Education in El Salvador

From Wikipedia, the free encyclopedia
Class in El Salvador

Education in El Salvador is regulated by the country's Ministry of Education (MINED).[1] El Salvador consists of the following levels of education:

  • Basic Education divided into three cycles of three grades each:
    • 1st Cycle: from 1st to 3rd grades
    • 2nd Cycle: from 4th to 6th grades
    • 3rd Cycle: from 7th to 9th grades; which is a transition to secondary education (e.g. specialized teachers for each assignment).
  • Secondary school, called Bachillerato:
    • Two year General High School
    • Three year Technical High School (e.g. Accounting, Secretariat, Electronics and Computer Science, etc.)
  • Five years (minimum) of Higher Education, consisting of university education or other tertiary education.

Almost all students, public and private, take the PAES test during their second year of bachillerato. PAES is a learning aptitude test that acts as an indicator of their achievement. Students are tested on mathematics, language and literature, natural sciences, and social studies.[2]

The Human Rights Measurement Initiative (HRMI)[3] finds that El Salvador is fulfilling only 64.8% of what it should be for the right to education based on the country's level of income.[4] HRMI breaks down the right to education by looking at the rights to both primary education and secondary education. While taking into consideration El Salvador's income level, the nation is achieving 64.5% of what could be possible based on its resources (income) for primary education and 65.2% for secondary education.[4]

Education Resources[edit]

As a result of wealth inequality, education is not universally accessible amongst Salvadorans as rural areas face higher rates of poverty. For example, the illiteracy rate in rural El Salvador was nearly 50% in the late 20th century.[5] There is also an evident disparity when looking at global rankings, El Salvador repeatedly scores low in education quality and accessibility.[6] According to statistics, only 82% of children make it to 9th grade.[7] Of those children who have completed 9th grade and are eligible to attend secondary school, only 33% do. Across the country, the distribution of literacy is 79% for men and 73% for women.[7]

While according to the El Salvador Constitution (1983), starting at the age of 4 years old, every child is entitled to free education. However, since most families live on less than 8.75 Colón, equivalent to 1 US dollar, often children under the age of 7 drop out of school to support their parents by working.[8] About 1.8 million minors between the ages of 5 and 17 work. In rural areas, about 62% of all children work, to support their families.[8]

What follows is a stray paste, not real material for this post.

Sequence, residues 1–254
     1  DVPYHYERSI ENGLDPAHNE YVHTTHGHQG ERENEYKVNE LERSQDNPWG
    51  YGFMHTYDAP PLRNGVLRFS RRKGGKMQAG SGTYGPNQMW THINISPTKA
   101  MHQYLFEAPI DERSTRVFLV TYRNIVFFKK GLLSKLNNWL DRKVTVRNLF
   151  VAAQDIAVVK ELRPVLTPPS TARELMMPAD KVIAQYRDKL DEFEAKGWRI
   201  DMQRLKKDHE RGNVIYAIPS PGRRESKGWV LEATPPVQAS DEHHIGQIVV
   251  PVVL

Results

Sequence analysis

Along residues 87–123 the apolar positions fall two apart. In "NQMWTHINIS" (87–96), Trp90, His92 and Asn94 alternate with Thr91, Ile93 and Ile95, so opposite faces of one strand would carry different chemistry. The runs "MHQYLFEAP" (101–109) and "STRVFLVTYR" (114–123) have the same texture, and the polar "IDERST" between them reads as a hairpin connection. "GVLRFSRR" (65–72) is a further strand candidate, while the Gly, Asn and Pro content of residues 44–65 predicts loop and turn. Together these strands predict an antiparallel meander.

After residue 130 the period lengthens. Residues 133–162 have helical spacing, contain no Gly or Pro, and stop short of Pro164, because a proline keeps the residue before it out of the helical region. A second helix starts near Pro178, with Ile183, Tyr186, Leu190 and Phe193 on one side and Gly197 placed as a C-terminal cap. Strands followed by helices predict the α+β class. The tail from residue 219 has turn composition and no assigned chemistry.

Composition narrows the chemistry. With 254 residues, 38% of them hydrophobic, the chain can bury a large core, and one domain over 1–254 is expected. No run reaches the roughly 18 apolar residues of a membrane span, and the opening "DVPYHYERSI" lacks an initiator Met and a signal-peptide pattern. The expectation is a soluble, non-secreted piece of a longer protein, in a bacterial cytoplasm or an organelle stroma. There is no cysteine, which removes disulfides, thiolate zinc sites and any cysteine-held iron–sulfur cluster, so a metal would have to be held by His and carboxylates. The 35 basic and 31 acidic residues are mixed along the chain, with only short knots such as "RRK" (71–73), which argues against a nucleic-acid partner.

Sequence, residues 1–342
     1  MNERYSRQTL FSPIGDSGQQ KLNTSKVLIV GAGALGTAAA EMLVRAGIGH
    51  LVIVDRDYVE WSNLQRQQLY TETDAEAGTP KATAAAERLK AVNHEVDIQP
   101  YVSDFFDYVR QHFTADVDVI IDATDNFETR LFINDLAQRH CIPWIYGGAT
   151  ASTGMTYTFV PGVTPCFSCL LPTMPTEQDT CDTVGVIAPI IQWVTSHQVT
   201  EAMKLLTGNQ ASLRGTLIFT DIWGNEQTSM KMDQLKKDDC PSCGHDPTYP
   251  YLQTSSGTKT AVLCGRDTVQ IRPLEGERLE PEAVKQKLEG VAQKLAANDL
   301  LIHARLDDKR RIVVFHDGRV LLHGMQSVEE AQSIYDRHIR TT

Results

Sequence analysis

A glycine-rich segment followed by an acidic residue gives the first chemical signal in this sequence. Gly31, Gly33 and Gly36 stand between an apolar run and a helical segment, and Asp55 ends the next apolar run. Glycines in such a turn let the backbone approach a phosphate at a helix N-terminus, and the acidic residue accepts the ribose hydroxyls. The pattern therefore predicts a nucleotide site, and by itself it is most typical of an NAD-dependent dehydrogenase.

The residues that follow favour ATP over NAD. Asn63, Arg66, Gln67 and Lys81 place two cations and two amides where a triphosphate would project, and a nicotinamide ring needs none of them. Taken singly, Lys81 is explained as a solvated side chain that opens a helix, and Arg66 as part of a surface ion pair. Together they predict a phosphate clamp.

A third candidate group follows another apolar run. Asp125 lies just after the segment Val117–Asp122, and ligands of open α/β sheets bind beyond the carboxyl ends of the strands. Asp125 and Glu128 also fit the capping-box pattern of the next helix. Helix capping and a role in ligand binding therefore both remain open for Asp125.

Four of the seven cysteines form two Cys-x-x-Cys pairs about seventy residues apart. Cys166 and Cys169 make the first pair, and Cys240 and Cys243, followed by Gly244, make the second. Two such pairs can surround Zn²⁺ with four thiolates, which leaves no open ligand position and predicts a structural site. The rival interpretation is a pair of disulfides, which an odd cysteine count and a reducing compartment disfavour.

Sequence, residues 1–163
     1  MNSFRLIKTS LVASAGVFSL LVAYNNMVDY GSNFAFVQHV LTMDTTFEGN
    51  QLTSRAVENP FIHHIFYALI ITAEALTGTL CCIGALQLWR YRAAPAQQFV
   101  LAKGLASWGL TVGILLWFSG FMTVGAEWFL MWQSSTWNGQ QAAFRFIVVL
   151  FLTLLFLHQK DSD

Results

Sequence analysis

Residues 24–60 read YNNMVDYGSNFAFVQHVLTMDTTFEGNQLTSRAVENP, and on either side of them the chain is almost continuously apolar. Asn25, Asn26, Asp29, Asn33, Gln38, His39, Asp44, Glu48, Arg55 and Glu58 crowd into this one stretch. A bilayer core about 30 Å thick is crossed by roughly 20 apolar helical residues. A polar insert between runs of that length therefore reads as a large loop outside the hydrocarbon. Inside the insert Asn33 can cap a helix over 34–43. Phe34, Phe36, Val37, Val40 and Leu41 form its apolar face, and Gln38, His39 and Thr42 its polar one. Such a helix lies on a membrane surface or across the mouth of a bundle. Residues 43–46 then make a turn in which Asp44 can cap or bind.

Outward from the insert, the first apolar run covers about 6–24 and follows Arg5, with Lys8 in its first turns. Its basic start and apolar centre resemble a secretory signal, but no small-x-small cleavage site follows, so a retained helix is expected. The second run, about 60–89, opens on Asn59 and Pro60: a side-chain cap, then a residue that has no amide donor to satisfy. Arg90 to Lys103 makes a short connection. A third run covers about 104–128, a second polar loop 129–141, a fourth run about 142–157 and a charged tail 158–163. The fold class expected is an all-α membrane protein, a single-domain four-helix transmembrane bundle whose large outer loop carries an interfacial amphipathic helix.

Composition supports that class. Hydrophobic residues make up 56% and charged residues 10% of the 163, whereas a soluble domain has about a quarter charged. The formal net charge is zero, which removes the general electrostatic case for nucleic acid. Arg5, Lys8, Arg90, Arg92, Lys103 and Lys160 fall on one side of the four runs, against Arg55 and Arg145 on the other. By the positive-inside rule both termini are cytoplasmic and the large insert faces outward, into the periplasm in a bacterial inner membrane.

Within the El Salvador classroom, resources are limited. For instance, public school classrooms often reach more than forty students per one classroom teacher.[9] A a result families are reluctant to send their children to public schools. Additionally, rural areas are more likely to be understaffed and under-resourced.[9] As a result of the lack of education in El Salvador, citizens are limited in their access to opportunities, world perspective, and social and political participation.[10]


In El Salvador the academic year begins January and ends in November.[11] The curriculum is divided into three specific levels: Early Childhood Education, Basic Education, and Secondary Education.[12] Early Childhood Education is the designated level for preschool aged children.[12] In this level of education, the focus is on child development and adjusting to different school environments.[12] In this stage, children learn how to socialize and be a member of the classroom community.[12] Furthermore, children at this age develop their motor, communication, and language skills.[13]

Following  Preschool Education, is Basic Education which consists of three cycles of three grades each.[12] The first cycle is designated for 1st to 3rd graders. In this cycle, students develop their basic literacy and math skills as well as learn about basic social and ethical values.[12] The second cycle of the Basic Education level is designed for 4th to 6th graders.[12] In this cycle, children are introduced to new subjects such as history, science, government and geography.[12] Additionally, students at this age begin to develop their writing skills[12] Lastly the third cycle is from 7th to 9th grades; which is a transition to secondary education (e.g. specialized teachers for each assignment). 56% of El Salvadiorian students are enrolled in Basic Education.[11]

Following Basic Education, there is two or an optional three years technical program of Middle Education, called bachillerato which consists of: two year General High School or Three year Technical High School (e.g. Accounting, Secretariat, Electronics and Computer Science, etc.)

Following Middle Education, Higher Education consists of  five years (minimum), consisting of university education or other tertiary education.The University of El Salvador (UES) is the largest (and only) public university in the country. However, classes are constantly stopped for protests. The University of El Salvador has one main campus in San Salvador and three more campuses in Santa Ana, San Miguel and San Vicente. Also, there are many private universities as alternatives to UES.[14]